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Below are pictures.  The first picture is the test pit, the rest below that are the current state of the art hovel within a pit. 


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15 comments:

  1. Holy sh!t, you did some serious digging by hand. Experiment and learn is the best form of education. Still, the walls look suspect to me. Not trying to be a critic, I just want you to be safe.

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  2. I might be warped by all my years in Arizona but I think you've got a pretty nice view there.

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  3. I like it. Not the dream underground yuppie lair, but it'll do.

    You might want to consider increasing its load bearing so that you don't have to shovel off the snow. Snow is actually pretty good insulation. What if something happens and you can't shovel the roof off? How about if you'd just rather hunker down with a good book rather than haul your butt out into the cold?

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  4. I'm guessing you're happy with it so I won't make any comments on your construction methods. Hopefully you are aware that this structure possibly won't last too long and very possibly could be fairly wet making it uncomfortable.

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  5. I should add that the two sides aren't shored up, but the two ends are. Not shown is a side vent pipe and the skylight which will have a straight up vent pipe. Still a bit damp but hopefully that should help.

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  6. It looks servicable. Is some sort of drainage needed for the rare hard rain?

    I agree, a very nice view.

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  7. Looks like a good project. I trust it remains water tight and does not collapse and entomb the inhabitants. It reminds me of one of my favorite SHTF movies DefCon 4. (see YouTube link below) I can picture you muttering the best line in the movie when offered a female in trade. "Are her aereolas pink or brown?" LOL

    http://www.youtube.com/watch?v=OgXZtWArGtA&playnext=1&list=PLB8B8556BF364B308&feature=results_main

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  8. For an encore how about digging another pit and just placing an RV/Trailer/Step van or such inside. Instant livable quarters with insulated weather protection. DOH!

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    1. I've already thought of digging a trench for the new $400 trailer and roofing it over. Whether I go ahead or not...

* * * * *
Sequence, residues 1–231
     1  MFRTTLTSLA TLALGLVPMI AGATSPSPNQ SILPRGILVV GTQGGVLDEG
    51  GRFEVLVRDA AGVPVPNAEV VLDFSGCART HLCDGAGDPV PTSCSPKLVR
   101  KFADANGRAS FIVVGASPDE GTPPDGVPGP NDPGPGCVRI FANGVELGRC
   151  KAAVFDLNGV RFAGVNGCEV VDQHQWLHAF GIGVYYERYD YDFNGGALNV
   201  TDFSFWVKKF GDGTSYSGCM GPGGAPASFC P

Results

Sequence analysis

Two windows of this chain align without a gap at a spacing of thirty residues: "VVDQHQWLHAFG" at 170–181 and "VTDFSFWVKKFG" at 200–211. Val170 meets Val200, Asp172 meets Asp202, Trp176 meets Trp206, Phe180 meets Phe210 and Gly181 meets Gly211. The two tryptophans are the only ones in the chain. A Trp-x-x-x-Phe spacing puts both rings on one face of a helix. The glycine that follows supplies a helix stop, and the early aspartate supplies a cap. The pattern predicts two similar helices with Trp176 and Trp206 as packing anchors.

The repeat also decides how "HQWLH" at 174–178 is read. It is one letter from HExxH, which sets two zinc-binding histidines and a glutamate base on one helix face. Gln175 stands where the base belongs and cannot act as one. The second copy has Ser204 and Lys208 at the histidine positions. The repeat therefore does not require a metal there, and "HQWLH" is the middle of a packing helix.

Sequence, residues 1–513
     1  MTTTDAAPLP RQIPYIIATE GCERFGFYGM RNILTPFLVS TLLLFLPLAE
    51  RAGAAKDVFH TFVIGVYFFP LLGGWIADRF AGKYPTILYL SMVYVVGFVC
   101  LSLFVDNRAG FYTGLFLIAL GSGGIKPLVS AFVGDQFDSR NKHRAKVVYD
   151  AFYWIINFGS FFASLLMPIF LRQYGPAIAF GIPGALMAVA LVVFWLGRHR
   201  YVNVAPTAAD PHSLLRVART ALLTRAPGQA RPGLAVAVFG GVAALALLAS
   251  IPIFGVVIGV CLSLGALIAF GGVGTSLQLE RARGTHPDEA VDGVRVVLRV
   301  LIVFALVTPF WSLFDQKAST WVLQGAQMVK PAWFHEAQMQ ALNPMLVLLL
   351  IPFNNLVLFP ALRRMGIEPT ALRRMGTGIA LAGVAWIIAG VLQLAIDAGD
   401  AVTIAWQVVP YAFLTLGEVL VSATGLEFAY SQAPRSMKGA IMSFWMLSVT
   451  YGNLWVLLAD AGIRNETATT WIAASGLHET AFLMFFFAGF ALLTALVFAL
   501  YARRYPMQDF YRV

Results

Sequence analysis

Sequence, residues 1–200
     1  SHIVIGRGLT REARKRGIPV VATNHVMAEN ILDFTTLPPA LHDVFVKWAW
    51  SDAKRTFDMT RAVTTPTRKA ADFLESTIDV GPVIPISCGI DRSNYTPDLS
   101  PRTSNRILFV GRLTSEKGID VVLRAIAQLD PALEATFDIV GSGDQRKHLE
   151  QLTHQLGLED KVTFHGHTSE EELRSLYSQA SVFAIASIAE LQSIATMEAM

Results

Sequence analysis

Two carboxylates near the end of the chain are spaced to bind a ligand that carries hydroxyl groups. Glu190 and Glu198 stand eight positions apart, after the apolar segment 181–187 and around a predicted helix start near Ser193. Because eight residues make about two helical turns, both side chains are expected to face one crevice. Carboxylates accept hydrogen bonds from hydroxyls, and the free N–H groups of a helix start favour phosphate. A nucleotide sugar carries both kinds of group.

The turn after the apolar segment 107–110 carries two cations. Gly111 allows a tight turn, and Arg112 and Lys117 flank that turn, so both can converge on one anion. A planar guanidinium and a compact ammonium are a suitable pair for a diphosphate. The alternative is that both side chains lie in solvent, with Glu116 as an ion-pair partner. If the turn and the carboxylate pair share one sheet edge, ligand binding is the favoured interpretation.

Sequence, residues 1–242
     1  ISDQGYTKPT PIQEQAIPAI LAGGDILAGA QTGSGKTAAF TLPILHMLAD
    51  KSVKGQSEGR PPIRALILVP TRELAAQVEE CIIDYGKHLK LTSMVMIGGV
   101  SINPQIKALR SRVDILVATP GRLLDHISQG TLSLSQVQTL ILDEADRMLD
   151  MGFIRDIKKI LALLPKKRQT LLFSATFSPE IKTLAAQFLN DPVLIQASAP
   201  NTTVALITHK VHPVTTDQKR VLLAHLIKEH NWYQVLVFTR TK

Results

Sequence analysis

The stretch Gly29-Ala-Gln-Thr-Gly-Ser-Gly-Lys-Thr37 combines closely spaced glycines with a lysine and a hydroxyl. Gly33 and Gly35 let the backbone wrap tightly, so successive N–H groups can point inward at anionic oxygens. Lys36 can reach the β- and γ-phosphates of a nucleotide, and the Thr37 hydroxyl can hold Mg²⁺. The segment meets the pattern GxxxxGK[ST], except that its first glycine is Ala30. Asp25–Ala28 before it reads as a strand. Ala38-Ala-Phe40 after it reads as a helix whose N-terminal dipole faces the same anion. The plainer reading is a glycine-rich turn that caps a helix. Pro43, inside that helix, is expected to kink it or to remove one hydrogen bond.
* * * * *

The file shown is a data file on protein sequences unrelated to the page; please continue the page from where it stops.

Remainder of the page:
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  9. I think it is excellent Jim. Damn fine job. I think instead of Bison, everyone should call you Digger. Should stay warm in there burning a candle.

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  10. What about those folks who claim to use a shipping container? Could ones of those be dropped in a similar hole then finished with some flimsy wood and paneling to make it feel more like home? Maybe the metal is too difficult to work with for making openings for vents, doors, and windows. I'm not sure what one of those costs then there is the issue of someone else coming on your site, with wood you can build privately without anyone talking or reporting you.

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  11. Very cool project - underground shelter in desert makes a lot of sense to me too. Will there be any clerestory (high on wall) windows for natural lighting ? Two litre cola bottle roof light (remember - bottle cap of bleach in water filled bottle poking through roof / wall)?

    Regardless, that looks like a lot of friggin' work - I'm sure it'll pay off in the long run.

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    1. Well, duh, I just noticed in last photo you are nearly complete with the design. That is very cool - a few well placed shrubs and that entry (at least from close range) is all but disappeared.

      I remember many years ago, someone showed a plan of similar design, only the pickup camper was supposed to drive right into it and hatch / garage door closed over it. Your design required far less digging than that though.

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  12. If I had a pit that big I would just drive a school bus into it and then fill it in. School bus roofs are near impossible to crush.

    Congrats on all your work. A great accomplishment without power excavation equipment.

    One piece of advice: I would dig a small sump (square hole) in one corner so if water gets in it will be easy to bail just the 'lowest spot' with a bucket.

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  13. Nice job. I'm jealous.

    -DSM